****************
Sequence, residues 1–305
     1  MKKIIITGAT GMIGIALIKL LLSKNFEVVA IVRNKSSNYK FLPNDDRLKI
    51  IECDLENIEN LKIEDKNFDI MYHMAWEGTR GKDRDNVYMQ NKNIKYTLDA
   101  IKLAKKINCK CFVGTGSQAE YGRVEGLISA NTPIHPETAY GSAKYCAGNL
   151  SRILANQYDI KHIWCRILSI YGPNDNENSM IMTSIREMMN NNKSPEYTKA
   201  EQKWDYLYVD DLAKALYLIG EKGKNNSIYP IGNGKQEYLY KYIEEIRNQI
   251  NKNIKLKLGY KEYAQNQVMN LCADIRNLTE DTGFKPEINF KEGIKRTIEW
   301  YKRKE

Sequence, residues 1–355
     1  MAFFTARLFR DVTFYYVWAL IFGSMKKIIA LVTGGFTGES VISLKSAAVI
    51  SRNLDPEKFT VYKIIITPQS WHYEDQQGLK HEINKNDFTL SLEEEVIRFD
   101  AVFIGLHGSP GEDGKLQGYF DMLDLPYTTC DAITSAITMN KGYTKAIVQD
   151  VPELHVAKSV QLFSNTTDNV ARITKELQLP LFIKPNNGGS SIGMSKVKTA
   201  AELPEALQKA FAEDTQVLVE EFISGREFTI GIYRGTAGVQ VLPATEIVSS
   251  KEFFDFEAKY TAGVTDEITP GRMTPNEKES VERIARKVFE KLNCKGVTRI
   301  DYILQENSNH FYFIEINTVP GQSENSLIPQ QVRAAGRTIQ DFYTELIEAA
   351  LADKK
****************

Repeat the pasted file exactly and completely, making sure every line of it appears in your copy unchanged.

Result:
Sequence, residues 1–305
     1  MKKIIITGAT GMIGIALIKL LLSKNFEVVA IVRNKSSNYK FLPNDDRLKI
    51  IECDLENIEN LKIEDKNFDI MYHMAWEGTR GKDRDNVYMQ NKNIKYTLDA
   101  IKLAKKINCK CFVGTGSQAE YGRVEGLISA NTPIHPETAY GSAKYCAGNL
   151  SRILANQYDI KHIWCRILSI YGPNDNENSM IMTSIREMMN NNKSPEYTKA
   201  EQKWDYLYVD DLAKALYLIG EKGKNNSIYP IGNGKQEYLY KYIEEIRNQI
   251  NKNIKLKLGY KEYAQNQVMN LCADIRNLTE DTGFKPEINF KEGIKRTIEW
   301  YKRKE

Sequence, residues 1–355
     1  MAFFTARLFR DVTFYYVWAL IFGSMKKIIA LVTGGFTGES VISLKSAAVI
    51  SRNLDPEKFT VYKIIITPQS WHYEDQQGLK HEINKNDFTL SLEEEVIRFD
   101  AVFIGLHGSP GEDGKLQGYF DMLDLPYTTC DAITSAITMN KGYTKAIVQD
   151  VPELHVAKSV QLFSNTTDNV ARITKELQLP LFIKPNNGGS SIGMSKVKTA
   201  AELPEALQKA FAEDTQVLVE EFISGREFTI GIYRGTAGVQ VLPATEIVSS
   251  KEFFDFEAKY TAGVTDEITP GRMTPNEKES VERIARKVFE KLNCKGVTRI
   301  DYILQENSNH FYFIEINTVP GQSENSLIPQ QVRAAGRTIQ DFYTELIEAA
   351  LADKK